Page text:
The Curse and the Blessing of High Productivity
Is the announcement that U.S. productivity growth hit a record 8.5% good news or bad? Just ask Europe.
May 13, 2002
Productivity is simply the amount of economic output each worker produces per hour. Higher productivity is a good thing in the long run. In fact, it is the only way that a nation’s overall standard of living can rise. But in the short run, high economic productivity numbers might not be so beneficial.
In fact, one of the disturbing trends in recent U.S. economic statistics is that production has been growing — but so has unemployment.
The 6% jobless rate registered in April 2002, takes the U.S. economy right back to where it was at the tail end of the so-called “jobless recovery” in 1994.
Worse yet, unemployment rates seem to be growing. It’s a trend that has some U.S. economic analysts looking for the dreaded “double-dip” recession.
Seen in this light, the new U.S. productivity numbers are not good news. Productivity, after all, is calculated by dividing the amount produced by the number of workers who produce it.
So it can rise either because production is up — or because employment is down. In fact, the spectacular 8.5% rise in productivity is the simple numerical result of more being produced and sold — with fewer workers.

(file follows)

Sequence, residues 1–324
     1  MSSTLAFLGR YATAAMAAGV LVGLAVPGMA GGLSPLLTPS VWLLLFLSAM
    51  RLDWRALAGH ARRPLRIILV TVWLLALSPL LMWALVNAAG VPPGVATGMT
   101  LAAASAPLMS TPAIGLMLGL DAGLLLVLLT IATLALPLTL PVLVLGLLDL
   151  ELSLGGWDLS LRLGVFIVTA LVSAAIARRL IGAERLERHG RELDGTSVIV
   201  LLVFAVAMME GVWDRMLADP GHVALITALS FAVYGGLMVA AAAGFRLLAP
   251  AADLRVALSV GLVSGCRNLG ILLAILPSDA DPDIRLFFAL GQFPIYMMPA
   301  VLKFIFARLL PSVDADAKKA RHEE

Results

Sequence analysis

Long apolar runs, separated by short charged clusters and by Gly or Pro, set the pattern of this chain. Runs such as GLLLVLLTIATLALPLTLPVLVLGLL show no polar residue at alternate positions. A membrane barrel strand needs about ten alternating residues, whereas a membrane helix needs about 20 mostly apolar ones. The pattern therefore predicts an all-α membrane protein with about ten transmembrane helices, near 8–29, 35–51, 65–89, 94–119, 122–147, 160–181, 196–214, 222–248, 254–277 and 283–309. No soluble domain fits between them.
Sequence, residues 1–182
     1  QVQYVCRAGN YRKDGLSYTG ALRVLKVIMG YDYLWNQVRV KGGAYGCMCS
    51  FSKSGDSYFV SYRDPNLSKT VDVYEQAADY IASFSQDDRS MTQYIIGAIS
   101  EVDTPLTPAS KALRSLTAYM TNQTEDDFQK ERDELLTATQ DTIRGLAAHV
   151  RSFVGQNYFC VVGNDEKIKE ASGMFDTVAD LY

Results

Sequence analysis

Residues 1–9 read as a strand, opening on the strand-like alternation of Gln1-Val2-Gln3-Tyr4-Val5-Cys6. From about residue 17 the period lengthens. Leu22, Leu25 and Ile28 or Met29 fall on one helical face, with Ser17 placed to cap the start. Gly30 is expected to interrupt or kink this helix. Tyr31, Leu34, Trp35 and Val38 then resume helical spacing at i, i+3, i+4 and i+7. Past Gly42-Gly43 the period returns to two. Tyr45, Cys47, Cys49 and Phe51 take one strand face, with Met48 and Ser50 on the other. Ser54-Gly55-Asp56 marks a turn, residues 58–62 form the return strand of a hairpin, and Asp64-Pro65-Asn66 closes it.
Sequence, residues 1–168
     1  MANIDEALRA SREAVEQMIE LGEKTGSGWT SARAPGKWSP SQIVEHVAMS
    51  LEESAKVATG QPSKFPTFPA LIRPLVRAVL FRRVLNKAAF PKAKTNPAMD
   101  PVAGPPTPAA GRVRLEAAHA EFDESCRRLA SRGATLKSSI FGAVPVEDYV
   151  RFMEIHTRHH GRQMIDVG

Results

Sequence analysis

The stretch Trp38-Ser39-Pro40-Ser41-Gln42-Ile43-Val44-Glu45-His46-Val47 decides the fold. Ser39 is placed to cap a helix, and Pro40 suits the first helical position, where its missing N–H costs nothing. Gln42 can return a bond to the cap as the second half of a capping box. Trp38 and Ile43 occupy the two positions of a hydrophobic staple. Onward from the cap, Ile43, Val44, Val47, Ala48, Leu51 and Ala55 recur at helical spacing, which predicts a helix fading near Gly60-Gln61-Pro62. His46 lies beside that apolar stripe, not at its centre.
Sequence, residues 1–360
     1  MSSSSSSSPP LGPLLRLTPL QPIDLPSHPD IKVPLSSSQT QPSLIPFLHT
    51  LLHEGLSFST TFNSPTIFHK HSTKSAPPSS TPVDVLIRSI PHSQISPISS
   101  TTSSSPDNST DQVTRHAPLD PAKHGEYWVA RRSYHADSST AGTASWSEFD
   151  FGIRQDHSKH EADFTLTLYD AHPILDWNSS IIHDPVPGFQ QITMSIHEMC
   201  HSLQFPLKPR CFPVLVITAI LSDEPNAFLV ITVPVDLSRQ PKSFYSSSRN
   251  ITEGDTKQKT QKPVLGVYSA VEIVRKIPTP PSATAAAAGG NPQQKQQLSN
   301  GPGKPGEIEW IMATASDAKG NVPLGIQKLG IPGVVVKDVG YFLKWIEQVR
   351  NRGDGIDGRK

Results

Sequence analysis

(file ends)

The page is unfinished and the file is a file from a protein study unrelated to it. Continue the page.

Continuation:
Why does this matter? Just ask the major European countries. Despite their unimpressive economic performance, they have experienced very good productivity growth over the past ten years.
But the primary reason for that was because European companies kept employment growth down — and not because production was growing fast. Europe’s high productivity growth was just the flip side of Europe’s employment stagnation.
Could the United States be headed for similar problems? At first glance, that seems unlikely. The labor market barriers that have caused Europe’s problems simply do not exist in the United States. And yet, there is reason to be concerned about the downside of the U.S. productivity growth.
The United States had an incredibly mild recession because consumers kept spending. Of course, consumers can only keep spending if their incomes go up.
A key problem here is that consumers are also workers. That means that high unemployment translates into less income for consumers.
Under those circumstances, continued high productivity growth would be accompanied by a collapse in consumer demand — and that dreaded double-dip recession.
U.S. production is expected to grow by some moderate amount — like 3% — in the second quarter of this year. With any luck, employment will also start to grow. That will result in bad short-term productivity numbers. But it will also be a sign that the U.S. recovery is for real — and not a mirage.
Chief Economist at The Globalist Research Center Daniel Bachman is the Former Chief Economist at The Globalist Research Center — as well as the Former Economics Editor at The Globalist. Mr. Bachman’s focus is on presenting innovative economic policy ideas to key global audiences — including policy professionals, journalists, corporate audiences and citizens at all […]